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Geometric computations are essential in many realworld problems. One important issue in geometric computations is that the geometric models in these problems can be so large that computations on them have infeasible storage or computation time requirements. Decomposition is a technique commonly used to partition complex models into simpler components. Whereas decomposition into convex components results in pieces that are easy to process, such decompositions can be costly to construct and can result in representations with an unmanageable number of components. In this work, we have developed an approximate technique, called Approximate Convex Decomposition (ACD), which decomposes a given polygon or polyhedron into “approximately convex ” pieces that may provide similar benefits as convex components, while the resulting decomposition is both significantly smaller (typically by orders of magnitude) and can be computed more efficiently. Indeed, for many applications, an ACD can represent the important structural features of the model more accurately by providing a mechanism for ignoring less significant features, such as wrinkles and surface texture. Our study of a wide range of applications shows that in addition to providing computational efficiency, ACD also provides natural multiresolution or hierarchical representations. In this dissertation, we provide some examples of ACD’s many potential applications, such as particle simulation, mesh generation, motion planning, and skeleton extraction.
Chapter 1 Fundamentals
"... Real RAM Model. A memory cell stores a real number. Any single arithmetic operation or comparison can be computed in constant time. In addition, sometimes also roots, logarithms, other analytic functions, indirect addressing (integral), or floor and ceiling are used. This is a quite powerful (and so ..."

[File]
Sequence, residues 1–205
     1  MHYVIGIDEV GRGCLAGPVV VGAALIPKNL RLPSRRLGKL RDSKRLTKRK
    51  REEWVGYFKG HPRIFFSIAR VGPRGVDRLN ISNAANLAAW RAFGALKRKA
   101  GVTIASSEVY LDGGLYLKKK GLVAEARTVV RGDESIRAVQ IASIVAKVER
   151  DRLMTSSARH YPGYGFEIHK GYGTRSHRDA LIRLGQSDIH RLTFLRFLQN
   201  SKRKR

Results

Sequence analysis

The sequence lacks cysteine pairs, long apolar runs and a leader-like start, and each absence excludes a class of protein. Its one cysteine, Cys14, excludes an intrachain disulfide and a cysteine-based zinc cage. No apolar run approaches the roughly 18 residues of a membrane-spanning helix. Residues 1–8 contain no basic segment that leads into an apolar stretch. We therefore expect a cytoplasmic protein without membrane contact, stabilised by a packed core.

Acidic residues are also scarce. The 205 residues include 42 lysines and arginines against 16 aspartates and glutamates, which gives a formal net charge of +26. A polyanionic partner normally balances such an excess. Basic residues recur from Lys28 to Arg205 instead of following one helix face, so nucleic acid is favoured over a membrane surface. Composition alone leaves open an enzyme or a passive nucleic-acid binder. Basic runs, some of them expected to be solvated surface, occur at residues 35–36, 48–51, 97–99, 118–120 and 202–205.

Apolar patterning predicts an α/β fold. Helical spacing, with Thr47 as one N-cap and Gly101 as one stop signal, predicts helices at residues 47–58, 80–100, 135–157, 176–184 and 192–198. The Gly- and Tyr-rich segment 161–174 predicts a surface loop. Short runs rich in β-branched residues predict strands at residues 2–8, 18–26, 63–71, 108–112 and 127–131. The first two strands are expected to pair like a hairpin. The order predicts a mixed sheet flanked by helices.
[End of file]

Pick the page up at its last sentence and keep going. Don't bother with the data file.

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Real RAM Model. A memory cell stores a real number. Any single arithmetic operation or comparison can be computed in constant time. In addition, sometimes also roots, logarithms, other analytic functions, indirect addressing (integral), or floor and ceiling are used. This is a quite powerful (and somewhat unrealistic) model of computation, as a single real number in principle can encode an arbitrary amount of information. Therefore we have to ensure that we do not abuse the power of this model. Algebraic Computation Trees (BenOr [1]). A computation is regarded as a binary tree. The leaves contain the (possible) results of the computation. Every node v with one child has an operation of the form +,−,,/,,... associated to it. The operands of this operation are constant input values, or among the ancestors of v in the tree. Every node v with two children has associated to it a branching of the form> 0,�0, or = 0. The branch is with respect to the result of v’s parent node. If the expression yields true, the computation continues with the left child of v; otherwise, it continues with the right child of v. a − b ≤ 0 a − c b − c